Clinical Study

BJC Open article

British Journal of Cancer (2011) 105, 475–480. doi:10.1038/bjc.2011.255 www.bjcancer.com
Published online 9 August 2011

Primary care endorsement letter and a patient leaflet to improve participation in colorectal cancer screening: results of a factorial randomised trial

P Hewitson1, A M Ward1, C Heneghan1, S P Halloran2 and D Mant1

  1. 1Department of Primary Health Care, University of Oxford, Old Road, Headington, Oxford OX3 7LF, UK
  2. 2Postgraduate Medical School, University of Surrey, Surrey, GU2 7WG, UK

Correspondence: Dr P Hewitson, E-mail: paul.hewitson@dphpc.ox.ac.uk

Received 3 March 2011; Revised 6 June 2011; Accepted 16 June 2011

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Abstract

Background:

  

The trial aimed to investigate whether a general practitioner's (GP) letter encouraging participation and a more explicit leaflet explaining how to complete faecal occult blood test (FOBT) included with the England Bowel Cancer Screening Programme invitation materials would improve uptake.

Methods:

  

A randomised controlled 2 × 2 factorial trial was conducted in the south of England. Overall, 1288 patients registered with 20 GPs invited for screening in October 2009 participated in the trial. Participants were randomised to either a GP's endorsement letter and/or an enhanced information leaflet with their FOBT kit. The primary outcome was verified with return of the test kit within 20 weeks.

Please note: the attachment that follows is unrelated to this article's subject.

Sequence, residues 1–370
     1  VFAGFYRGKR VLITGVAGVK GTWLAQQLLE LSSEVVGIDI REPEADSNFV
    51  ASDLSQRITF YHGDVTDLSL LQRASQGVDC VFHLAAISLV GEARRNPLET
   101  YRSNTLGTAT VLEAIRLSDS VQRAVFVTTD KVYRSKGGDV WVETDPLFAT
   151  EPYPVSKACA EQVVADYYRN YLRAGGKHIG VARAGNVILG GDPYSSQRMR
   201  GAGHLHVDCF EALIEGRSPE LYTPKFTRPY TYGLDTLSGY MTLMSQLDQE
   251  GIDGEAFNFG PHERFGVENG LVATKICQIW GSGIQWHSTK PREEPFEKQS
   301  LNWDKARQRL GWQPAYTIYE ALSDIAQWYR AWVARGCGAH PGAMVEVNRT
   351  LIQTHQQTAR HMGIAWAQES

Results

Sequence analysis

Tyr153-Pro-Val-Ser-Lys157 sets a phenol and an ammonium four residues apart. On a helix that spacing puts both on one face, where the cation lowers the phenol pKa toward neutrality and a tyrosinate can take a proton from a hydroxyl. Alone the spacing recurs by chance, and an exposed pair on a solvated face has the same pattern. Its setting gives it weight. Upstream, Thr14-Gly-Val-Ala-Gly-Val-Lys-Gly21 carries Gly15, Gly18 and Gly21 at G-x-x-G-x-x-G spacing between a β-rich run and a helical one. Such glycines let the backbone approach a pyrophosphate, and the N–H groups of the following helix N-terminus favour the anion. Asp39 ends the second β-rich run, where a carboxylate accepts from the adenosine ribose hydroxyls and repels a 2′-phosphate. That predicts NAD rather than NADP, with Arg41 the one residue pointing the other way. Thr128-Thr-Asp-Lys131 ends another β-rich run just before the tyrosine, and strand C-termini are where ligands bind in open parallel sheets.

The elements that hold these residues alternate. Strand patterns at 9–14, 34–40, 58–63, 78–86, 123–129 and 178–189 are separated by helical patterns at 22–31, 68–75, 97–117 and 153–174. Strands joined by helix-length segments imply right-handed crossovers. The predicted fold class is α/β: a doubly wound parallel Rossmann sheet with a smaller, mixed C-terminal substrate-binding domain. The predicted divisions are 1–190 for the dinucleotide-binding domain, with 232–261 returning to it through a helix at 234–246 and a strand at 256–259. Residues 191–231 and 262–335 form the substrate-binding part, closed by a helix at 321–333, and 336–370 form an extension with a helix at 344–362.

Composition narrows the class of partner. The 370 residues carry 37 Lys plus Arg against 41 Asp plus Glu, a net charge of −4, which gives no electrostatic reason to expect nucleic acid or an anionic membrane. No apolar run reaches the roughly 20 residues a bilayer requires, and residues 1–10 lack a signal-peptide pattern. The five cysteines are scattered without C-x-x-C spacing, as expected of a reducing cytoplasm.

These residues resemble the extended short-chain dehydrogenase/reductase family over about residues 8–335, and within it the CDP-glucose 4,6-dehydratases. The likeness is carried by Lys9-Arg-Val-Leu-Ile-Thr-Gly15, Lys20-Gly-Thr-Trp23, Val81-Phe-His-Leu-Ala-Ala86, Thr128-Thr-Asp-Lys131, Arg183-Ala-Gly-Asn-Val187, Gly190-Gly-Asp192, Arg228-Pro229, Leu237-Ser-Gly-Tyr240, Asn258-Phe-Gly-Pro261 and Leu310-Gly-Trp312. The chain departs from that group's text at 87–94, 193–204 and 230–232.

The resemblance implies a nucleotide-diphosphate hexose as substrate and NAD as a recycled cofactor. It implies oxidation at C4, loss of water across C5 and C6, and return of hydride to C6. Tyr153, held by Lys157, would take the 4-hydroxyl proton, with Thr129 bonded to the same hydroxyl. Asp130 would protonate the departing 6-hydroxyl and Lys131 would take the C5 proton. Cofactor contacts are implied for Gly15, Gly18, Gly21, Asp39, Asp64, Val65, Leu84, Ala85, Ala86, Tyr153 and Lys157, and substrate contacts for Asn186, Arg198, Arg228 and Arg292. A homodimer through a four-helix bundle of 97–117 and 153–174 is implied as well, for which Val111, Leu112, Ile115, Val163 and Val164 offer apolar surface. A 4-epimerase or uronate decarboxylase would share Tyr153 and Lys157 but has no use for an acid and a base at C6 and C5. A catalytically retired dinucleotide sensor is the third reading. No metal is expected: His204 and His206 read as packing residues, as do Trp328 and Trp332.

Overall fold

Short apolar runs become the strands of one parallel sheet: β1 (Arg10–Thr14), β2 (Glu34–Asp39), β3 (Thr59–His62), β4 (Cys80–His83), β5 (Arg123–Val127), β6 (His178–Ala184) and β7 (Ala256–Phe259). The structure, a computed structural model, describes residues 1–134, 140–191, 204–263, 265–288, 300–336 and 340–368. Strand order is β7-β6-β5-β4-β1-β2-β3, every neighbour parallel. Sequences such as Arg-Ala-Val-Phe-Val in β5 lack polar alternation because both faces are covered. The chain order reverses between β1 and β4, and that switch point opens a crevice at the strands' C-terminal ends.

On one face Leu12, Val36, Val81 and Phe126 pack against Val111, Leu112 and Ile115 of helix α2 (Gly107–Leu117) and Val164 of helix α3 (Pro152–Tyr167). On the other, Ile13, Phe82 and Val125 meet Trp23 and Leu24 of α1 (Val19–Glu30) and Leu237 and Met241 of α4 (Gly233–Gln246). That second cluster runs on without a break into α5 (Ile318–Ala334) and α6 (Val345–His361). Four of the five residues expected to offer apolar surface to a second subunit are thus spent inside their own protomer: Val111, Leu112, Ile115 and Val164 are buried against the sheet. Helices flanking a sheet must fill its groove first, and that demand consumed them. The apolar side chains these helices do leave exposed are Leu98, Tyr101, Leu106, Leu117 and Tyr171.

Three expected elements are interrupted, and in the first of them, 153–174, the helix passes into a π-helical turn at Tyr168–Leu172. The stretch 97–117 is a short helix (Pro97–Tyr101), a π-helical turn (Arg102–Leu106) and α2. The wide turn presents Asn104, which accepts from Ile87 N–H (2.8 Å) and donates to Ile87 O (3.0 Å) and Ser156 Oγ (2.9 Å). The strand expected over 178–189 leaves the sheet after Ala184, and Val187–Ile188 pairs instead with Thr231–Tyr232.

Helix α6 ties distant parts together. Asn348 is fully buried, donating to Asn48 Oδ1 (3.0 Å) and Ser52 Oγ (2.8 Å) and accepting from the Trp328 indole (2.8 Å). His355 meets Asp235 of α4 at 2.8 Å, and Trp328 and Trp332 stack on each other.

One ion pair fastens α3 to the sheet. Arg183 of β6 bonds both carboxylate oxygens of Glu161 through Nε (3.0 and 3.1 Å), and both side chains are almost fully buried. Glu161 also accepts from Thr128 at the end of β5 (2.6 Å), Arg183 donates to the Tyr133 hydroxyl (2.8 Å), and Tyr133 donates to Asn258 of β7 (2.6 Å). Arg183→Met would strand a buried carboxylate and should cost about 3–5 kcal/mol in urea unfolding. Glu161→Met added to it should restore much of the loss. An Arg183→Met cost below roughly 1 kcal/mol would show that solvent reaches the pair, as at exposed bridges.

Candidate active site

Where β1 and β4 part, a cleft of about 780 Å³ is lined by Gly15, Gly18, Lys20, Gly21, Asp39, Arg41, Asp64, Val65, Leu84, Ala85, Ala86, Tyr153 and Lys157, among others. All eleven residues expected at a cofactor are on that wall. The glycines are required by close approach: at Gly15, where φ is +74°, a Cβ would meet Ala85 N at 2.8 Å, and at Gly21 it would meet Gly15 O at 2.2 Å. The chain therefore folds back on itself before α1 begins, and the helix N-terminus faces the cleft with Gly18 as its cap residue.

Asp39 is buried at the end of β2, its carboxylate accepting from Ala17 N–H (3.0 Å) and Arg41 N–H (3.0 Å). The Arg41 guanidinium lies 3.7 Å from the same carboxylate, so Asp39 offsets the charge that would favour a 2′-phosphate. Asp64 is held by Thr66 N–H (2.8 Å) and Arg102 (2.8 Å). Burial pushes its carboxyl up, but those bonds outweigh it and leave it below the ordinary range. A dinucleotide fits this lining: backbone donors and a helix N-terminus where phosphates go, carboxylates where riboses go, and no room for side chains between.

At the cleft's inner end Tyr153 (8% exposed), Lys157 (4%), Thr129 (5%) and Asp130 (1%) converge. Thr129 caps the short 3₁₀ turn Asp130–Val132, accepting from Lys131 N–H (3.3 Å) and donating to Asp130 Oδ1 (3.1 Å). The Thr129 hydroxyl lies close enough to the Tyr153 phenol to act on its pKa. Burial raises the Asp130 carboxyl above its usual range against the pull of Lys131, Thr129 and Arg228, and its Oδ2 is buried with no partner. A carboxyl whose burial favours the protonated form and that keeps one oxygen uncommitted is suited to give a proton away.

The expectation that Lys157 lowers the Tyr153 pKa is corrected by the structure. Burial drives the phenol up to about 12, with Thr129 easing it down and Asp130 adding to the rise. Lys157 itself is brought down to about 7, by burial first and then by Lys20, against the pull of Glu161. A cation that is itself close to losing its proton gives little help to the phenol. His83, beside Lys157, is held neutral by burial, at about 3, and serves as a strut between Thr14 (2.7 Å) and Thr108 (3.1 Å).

Results:

  

Both the GP's endorsement letter and the enhanced procedural leaflet, each increased participation by ~6% – the GP's letter by 5.8% (95% CI: 4.1–7.8%) and the leaflet by 6.0% (95% CI: 4.3–8.1%). On the basis of the intention-to-treat analysis, the random effects logistic regression model confirmed that there was no important interaction between the two interventions, and estimated an adjusted rate ratio of 1.11 (P=0.038) for the GP's letter and 1.12 (P=0.029) for the leaflet. In the absence of an interaction, an additive effect for receiving both the GP's letter and leaflet (11.8%, 95% CI: 8.5–16%) was confirmed. The per-protocol analysis indicated that the insertion of an electronic GP's signature on the endorsement letter was associated with increased participation (P=0.039).

Conclusion:

  

Including both an endorsement letter from each patient's GP and a more explicit procedural leaflet could increase participation in the English Bowel Cancer Screening Programme by ~10%, a relative improvement of 20% on current performance.

Keywords:

colorectal cancer; cancer screening; primary care; patient information